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React Conf 2018 Recap

This was more exciting than a couple of previous WWDC, combined! The big announcements: Hooks, Suspense, Concurrent Mode and React Native’s new architecture.

The conference was taking place in Las Vegas. It had only one track with keynotes, talks and lighting talks. There were plenty of long breaks for attendees to chat.

All content was live streamed and the video recordings became available in just one day! (This is crazy, I’ve never seen the content from a conference appear online this fast).

In this post I’ve collected some thoughts about the talks. My favorites: React Today and Tomorrow, Playing With Polyhedra, Concurrent Rendering in React, React Native’s New Architecture and Let React speak your language.

React Today and Tomorrow

In the keynote, Sophie talked about the state of React today and the most common problems: hard to reuse logic, wrapper hell and confusing classes.

Dan presented a proposed solution: Hooks. Hooks is a mechanism that allows functional components access more advanced features of React, like state, context or side effects. Here’s a quick example:

import React, { useState } from 'react';

function Counter() {
  const [value, setValue] = useState(0);
  return (
    <div>
      <span>Value: {value}</span>
      <button onClick={() => setValue(value + 1)}>
        Increment
      </button>
    </div>
  )
}

Note that it’s still RFC and React team is collecting feedback. There is some interesting discussion on the RFC pull request.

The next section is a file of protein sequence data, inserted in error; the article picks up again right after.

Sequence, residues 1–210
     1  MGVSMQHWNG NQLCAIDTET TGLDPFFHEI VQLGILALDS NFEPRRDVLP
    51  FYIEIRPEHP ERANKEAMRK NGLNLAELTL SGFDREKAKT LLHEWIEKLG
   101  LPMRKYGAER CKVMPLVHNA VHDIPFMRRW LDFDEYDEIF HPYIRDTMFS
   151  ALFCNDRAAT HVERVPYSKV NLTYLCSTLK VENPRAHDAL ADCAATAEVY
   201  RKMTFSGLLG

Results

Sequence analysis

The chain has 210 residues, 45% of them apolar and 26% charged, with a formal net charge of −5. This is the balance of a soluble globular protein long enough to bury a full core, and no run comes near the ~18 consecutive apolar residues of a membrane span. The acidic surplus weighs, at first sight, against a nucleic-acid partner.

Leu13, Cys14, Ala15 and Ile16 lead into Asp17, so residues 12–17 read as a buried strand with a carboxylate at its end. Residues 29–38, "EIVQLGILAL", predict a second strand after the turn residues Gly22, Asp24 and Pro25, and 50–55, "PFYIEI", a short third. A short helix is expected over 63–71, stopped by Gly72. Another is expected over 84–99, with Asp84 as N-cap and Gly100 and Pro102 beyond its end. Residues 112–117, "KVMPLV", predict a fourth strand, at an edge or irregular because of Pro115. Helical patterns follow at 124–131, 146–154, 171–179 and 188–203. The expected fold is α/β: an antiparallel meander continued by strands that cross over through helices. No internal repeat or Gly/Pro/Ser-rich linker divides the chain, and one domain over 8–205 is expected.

I’ve had a chance to play with the new API and personally I think it’s AWESOME. Hooks do require a little bit of a mindset shift, but they make code a lot easier to write and understand.

Here’s a clever illustration by @threepointone that shows the difference between class-based components and functional components using hooks. Hooks make it easier to group and reuse behaviors that were spread out over multiple lifecycle methods.

90% cleaner React

Ryan Florence went into a more detailed demo of how hooks can be used to make code more readable and avoid common mistakes with effects. I would recommend watching it if you are still skeptical, otherwise it’s better to just get a feel of it in practice.

Cloud-Only Dev Environment

It’s interesting that a set of tools available online is more than enough to build a properly functioning app without setting up local development environment. Online IDEs + PaaS + static website hosting is enough to build fully-functional apps entirely from within your browser.

In this talk Christina built a simple TODO game in under 30 minutes only using a browser on her Chromebook (leveraging Cloud9, Firebase and Zeit Now).

Declarative Animations

Animation is not a settled topic. We tend to swing between imperative and declarative. Both have pros and cons.

What I liked most from this talk is that the framework Matt described allows plugins and middleware. For example, a Modal component could describe what needs to be animated (opacity & zoom) and a middleware could customize the properties of the spring: make it playful or subtle. This way the same component could be used on a wedding website or a site for kids, and the animation would “feel” different in both cases to match the mood.

I’m a little skeptical of animations that don’t take into account gestures. User input creates a lot of problems for animation libraries, and I’m not sure how the suggested framework can help.

GraphQL without GraphQL

“REST is like asking for a pizza with all 30 toppings and throwing away the ones you don’t need”